Fasted Cardio

Is fasted cardio the magical solution to burning fat?


Or just another made-up fitness myth that needs go someplace like The Upside Down in Stranger Things and never return?


Blame it on Bill Phillips. Wait, what? you’ve never heard of him?


Jump in the wayback machine and travel back in time to 1999.


  • Fears about a worldwide computer meltdown dominated the headlines as the year 2000 approached, also known as Y2K. 
  • The mind-bending movie starring Keanu Reeves, The Matrix, was a blockbuster hit. 
  • Raised in a trailer park, the blond bombshell teen phenom Britney Spears dominated the charts with “…Baby, One More Time.” 
  • Millions of people stepped up to participate in the Latino-inspired fitness craze known as Zumba.


And then there was fitness guru Bill Phillips.


He published a booked called, Body for Life: 12 Weeks to Mental and Physical Strength.[1]


And while his approach to health and fitness is reasonable, he provided one piece of advice that is still being debated 20 years later.


His controversial advice: Crushing a 20-minute high-intensity interval workout on an empty stomach (fasted) when you wake up in the morning burns more fat that having a bite to eat and then completing a cardio workout.


Fasted cardio for fat loss, or just a myth?


If you’ve ever pondered this question, you’re not alone. It’s so-called benefits are on the Internet in perpetuity.


Countless fitness professionals, personal trainers, bodybuilders, and gym bros swear by the benefits of fasted cardio.


There’s a long list of explanations passed around about the benefits of fasted cardio, including your body burning more fat for energy instead of tapping into available carbs.


But is it really true?


Just as many denounce fasted cardio as nothing more than a fad that doesn’t have a significant impact on fat loss compared to cardio after eating.


So which is it?


Exercise science researcher Dr. Brad Schoenfeld and his team, including fitness pro Alan Aragon, had their opinions on fasted cardio. And they generally sided with the group that called fasted cardio a fad.


But without concrete evidence that disproves fat loss benefits of fasted cardio compared to fed, it was hard for any fitness professional to definitively take a side.


So Schoenfeld, Aragon, and a team of researchers decided to change that, set up a study, and get some answers about fasting, cardio, and fat loss once and for all.[2]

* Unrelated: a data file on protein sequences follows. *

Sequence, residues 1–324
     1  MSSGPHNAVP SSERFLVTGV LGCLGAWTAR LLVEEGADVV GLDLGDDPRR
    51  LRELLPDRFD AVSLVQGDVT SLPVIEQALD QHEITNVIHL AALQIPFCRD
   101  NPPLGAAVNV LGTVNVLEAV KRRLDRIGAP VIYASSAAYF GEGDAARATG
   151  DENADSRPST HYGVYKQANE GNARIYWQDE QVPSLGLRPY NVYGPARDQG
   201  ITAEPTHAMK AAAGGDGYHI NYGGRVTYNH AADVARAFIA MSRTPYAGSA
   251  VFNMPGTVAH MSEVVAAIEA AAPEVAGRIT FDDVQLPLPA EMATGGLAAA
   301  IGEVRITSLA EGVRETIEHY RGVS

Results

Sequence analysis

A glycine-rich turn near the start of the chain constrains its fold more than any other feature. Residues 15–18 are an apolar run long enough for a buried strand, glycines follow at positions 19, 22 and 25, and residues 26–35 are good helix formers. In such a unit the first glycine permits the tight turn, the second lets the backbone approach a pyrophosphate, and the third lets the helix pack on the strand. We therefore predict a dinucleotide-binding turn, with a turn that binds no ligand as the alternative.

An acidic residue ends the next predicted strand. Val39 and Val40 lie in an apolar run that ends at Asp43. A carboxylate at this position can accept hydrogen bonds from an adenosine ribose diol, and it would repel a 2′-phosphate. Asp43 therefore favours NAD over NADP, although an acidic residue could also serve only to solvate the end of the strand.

Study: Cardio Fasted vs. Fed for Fat Loss


Researchers recruited 20 healthy young adults, and completed a full work-up of body composition tests to begin the four-week study.


The Diet


Everyone received a customized meal plan intended to create a 500-calorie per day deficit for fat loss, along with ongoing nutrition counseling. But they were divided into two groups, fasted, and non-fasted.


The Workout


Both groups performed the exact same 60-minute treadmill workout three days a week during the four-week study.


  • 5-minute warm-up
  • 50 minutes of walking or jogging
  • 5-minute cool down


Group 1 – Fasted Cardio


People in this group completed the treadmill workout after an overnight fast.


Group 2 – Non-Fasted Cardio


People in this group drank a 250-calorie protein shake before completing the treadmill workout.


The Results


After the four-week study of dieting and training concluded, researchers conducted the same battery of body composition tests on the participants to measure results. Here’s what they found:


  • Weight loss. Both groups lost weight, around 2.2 to 3.5 pounds (1.0 to 1.6 kg).
  • Loss of fat mass. Both groups also showed improvements in fat mass and lost an average of 1.5 to 2.4 pounds of fat (0.7 to 1.1 kg).


And in both cases, the fasted-cardio group achieved slightly better results. But when researchers further evaluated the data, they also found no significant differences between groups for changes in


  • Body Mass Index
  • Percent body fat
  • Waist circumference


And that’s what Schoenfeld and Aragon hypothesized in the beginning.


True, this is a small sample size for a study, but researchers believe others would achieve the same results if they conducted a similar study to compare fat-loss between fasted and non-fasted cardio.


The Skinny on Fasted Cardio vs. Non-Fasted


The difference between fasted cardio and non-fasted cardio for fat loss are so small, they’re difficult to measure.


“The best advice for those who are simply looking to get lean is to focus on total energy and macronutrient balance, whether you perform cardio fasted or fed should depend entirely on preference,” says Schoenfeld.


In other words, what matters most is fitting in your cardio workouts when it works for you. Forget having an early-morning freak-out to fit in a fasted cardio session. It’s not as important as simply fitting in your cardio workout.


Hustle. Do the work. And you’ll lose the same amount of fat either way.





1. Phillips, B. (1999). Body for Life: 12 Weeks to Mental and Physical Strength. New York, N.Y.: Harper Collins.


2. Schoenfeld, B., et al. (2014). Body composition changes associated with fasted versus non-fasted aerobic exercise. Journal of the International Society of Sports Nutrition. From: